By Kelly J. Riibe, ’03
Alumni Profile ’03
Busy Does Not Begin to Describe Angie Henderson
UNL alumna Angie Henderson has accumulated a variety of job titles since graduating in 2003. She is a personal trainer, strength coach, triathlon instructor and event director. “I need to learn to say no,” acknowledged the Emerson, Neb., native. By mornings and evenings, Henderson trains clients. During afternoons and weekends, she coaches triathletes and plans races ranging from 2Ks to marathons. She credits her time on campus with leading her down this very active path. During her undergraduate years, Henderson studied sports psychology with Wesley Sime at UNL. “Working with Dr. Sime there was one of the best things I could have ever done,” said the former Abel Hall resident. Sime introduced Henderson to the “Play It Smart” program, which resulted in her moving to Houston to work with kids in inner-city high schools. She was employed as an academic coach. “You’re basically the guidance counselor just for them,” explained Henderson, who helped varsity football players make it to graduation. Henderson also had a second job, as a personal trainer, during this period. Her psychology degree helped her relate well to others and gain clients. She began training full-time and joined her current employer, West U Fitness, seven years ago. Her workout sessions are 30 minutes and similar to a cross fitness style, but with more monitoring. “My job is to warm them up, work them out and send them on their way,” said the former Campus Rec lifeguard.
All sessions take place in a studio, which offers a more intimate environment than a corporate gym. Equipment is minimal, and consists of a few weights, three treadmills and an elliptical machine. Ropes, balls and bands are also in use. Henderson explained that her “primary talent focus is group training;” however, no client is the same. She works with people ranging from youth soccer players to 70-year-olds. She sees clients who have never worked out before, some who are pregnant and others who race professionally. “I may see 25 people between the hours of 5 a.m, and 10 a.m.,” said Henderson, who minored in nutritional studies. Henderson also became a certified triathlon coach eight years ago. Initially she instructed beginners, but has progressed to working with athletes looking to earn their pro card. Henderson coaches for events ranging from sprint courses to the Ironman. She provides expertise for all legs of a triathlon, which include biking, swimming and running. “Cycling is my passion,” admits Henderson who placed first, in her age group, at the Omaha Triathlon three years ago. Upon entering the fitness industry, Henderson got interested in organizing racing events. She owns her own company, Limitless Race Productions, and also finds work as a consultant. “Endurance events have really taken off in the last decade,” explained Henderson who plans 15-20 events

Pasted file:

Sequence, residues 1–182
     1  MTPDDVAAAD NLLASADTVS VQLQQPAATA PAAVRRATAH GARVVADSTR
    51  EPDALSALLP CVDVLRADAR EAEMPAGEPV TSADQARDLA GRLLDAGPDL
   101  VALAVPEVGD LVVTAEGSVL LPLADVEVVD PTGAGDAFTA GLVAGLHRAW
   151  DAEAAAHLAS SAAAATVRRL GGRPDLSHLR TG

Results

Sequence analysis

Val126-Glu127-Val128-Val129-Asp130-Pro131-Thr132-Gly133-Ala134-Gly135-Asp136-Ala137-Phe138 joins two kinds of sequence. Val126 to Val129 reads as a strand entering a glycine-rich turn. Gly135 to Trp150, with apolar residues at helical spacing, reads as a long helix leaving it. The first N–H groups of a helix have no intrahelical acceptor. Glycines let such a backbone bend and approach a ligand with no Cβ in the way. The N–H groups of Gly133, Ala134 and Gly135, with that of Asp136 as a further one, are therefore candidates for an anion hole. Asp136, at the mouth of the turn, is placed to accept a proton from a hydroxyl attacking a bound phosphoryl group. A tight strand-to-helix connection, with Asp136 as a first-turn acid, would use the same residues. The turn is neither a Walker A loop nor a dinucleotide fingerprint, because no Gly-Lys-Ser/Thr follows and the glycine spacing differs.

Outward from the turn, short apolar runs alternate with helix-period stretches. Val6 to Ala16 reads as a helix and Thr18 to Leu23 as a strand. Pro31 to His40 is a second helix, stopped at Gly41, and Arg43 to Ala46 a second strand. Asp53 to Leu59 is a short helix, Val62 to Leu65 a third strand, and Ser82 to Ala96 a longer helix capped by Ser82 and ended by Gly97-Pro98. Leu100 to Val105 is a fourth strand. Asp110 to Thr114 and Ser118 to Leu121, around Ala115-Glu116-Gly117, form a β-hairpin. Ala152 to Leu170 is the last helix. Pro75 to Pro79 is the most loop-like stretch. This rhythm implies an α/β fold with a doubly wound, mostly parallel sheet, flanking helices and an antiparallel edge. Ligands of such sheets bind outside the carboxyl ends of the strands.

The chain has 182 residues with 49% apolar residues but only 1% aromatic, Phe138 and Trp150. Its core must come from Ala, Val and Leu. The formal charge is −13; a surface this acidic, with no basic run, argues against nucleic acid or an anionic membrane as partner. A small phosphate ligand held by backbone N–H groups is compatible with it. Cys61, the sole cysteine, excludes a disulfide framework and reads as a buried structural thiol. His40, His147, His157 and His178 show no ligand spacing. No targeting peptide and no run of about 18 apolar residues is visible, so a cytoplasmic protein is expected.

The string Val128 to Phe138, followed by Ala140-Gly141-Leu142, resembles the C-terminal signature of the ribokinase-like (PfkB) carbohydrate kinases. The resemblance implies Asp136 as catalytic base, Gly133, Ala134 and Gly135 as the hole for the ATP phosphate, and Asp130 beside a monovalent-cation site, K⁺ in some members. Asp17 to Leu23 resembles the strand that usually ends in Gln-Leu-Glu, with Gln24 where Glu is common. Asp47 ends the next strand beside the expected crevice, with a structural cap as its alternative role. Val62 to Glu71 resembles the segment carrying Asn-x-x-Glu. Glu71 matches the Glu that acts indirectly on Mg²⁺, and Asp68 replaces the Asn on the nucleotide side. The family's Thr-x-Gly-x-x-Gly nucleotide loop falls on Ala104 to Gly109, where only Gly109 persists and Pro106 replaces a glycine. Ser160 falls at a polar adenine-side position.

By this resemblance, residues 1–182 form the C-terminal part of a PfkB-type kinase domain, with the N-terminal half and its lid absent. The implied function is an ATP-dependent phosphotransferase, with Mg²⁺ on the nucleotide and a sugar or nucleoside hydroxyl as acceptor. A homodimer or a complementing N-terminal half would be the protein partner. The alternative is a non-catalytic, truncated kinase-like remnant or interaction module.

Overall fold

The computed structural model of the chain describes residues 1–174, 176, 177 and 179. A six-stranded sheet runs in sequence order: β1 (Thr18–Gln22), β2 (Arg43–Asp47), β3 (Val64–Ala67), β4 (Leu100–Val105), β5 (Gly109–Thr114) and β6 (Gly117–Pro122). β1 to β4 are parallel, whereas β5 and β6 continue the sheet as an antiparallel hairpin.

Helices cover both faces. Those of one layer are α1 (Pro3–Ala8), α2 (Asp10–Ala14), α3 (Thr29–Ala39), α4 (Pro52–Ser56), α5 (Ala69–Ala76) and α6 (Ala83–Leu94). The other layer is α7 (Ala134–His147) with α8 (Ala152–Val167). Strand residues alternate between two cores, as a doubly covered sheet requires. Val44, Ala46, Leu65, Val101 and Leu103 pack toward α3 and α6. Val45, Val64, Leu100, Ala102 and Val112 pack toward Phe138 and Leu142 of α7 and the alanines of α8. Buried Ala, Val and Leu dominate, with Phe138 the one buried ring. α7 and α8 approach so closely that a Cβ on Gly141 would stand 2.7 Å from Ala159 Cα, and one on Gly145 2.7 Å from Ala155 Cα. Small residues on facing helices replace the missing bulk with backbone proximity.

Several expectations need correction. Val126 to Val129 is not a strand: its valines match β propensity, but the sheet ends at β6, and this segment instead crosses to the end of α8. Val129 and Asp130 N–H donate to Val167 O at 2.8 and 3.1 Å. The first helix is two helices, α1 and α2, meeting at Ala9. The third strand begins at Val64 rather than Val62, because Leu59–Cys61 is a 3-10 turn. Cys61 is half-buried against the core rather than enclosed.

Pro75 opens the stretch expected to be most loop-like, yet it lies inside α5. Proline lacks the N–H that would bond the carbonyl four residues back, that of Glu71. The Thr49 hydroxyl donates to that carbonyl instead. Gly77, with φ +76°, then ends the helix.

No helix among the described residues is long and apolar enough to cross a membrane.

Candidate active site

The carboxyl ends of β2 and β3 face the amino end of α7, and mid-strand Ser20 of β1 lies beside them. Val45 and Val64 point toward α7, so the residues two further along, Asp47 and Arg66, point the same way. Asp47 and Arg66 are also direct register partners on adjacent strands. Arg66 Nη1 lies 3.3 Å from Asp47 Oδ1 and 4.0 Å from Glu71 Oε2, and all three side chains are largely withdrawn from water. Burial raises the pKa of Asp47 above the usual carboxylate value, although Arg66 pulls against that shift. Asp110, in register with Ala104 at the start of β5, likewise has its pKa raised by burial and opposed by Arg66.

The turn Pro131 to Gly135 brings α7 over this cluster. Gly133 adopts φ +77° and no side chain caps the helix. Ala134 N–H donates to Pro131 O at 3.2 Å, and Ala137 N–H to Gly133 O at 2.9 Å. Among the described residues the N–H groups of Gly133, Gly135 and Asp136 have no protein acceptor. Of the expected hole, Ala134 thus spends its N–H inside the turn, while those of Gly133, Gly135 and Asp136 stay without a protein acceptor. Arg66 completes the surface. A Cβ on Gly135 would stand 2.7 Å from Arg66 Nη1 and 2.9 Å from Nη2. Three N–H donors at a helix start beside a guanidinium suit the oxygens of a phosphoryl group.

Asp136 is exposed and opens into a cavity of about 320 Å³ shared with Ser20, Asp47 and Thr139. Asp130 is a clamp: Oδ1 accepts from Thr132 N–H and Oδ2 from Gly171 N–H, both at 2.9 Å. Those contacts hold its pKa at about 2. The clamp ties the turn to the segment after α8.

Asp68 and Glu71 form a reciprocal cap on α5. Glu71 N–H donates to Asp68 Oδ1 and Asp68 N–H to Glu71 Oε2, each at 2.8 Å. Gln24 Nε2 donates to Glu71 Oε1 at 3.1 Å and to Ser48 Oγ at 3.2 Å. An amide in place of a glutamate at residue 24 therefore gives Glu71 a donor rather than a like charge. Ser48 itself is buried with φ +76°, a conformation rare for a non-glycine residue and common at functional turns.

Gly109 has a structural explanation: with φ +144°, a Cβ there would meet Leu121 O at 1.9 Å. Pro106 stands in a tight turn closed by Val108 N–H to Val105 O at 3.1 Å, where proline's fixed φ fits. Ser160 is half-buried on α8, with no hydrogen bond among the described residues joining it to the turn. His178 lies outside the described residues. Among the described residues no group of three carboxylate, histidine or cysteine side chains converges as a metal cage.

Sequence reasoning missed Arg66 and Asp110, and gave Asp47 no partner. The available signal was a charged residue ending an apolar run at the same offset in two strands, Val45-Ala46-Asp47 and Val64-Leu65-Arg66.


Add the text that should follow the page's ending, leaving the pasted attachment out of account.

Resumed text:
annually. She recently put on a run for approximately 10,000 people in The Woodlands, Texas. It involved a 2K, 5K, half-marathon and full marathon. The event was a success but also had some drama. “We were literally about 30 hours out from the start of our race and we had no medals,” said Henderson. The medals had been pre-ordered but were stuck in customs. Henderson explained that participants need their medals to showcase their achievement. The feedback can be harsh if someone crosses the finish line and does not receive their hardware. Thankfully, through a chain of networking Henderson got her plea to a Texas senator, and he helped get the medals released in time. “Without medals, your event can tank itself,” Henderson said. “That means next year, good luck filling out those registrations.” In another incident, Henderson remembered working on a triathlon with a strong pro field vying for a large cash prize. During the event a lead kayak went the wrong way and took some swimmers 100 meters offcourse. Henderson clarified that it is a competitor’s job to know the route. The winner did not follow the kayak, and won by approximately ten seconds. This caused some controversy, as the runner-up felt he would have won if not for being misled.
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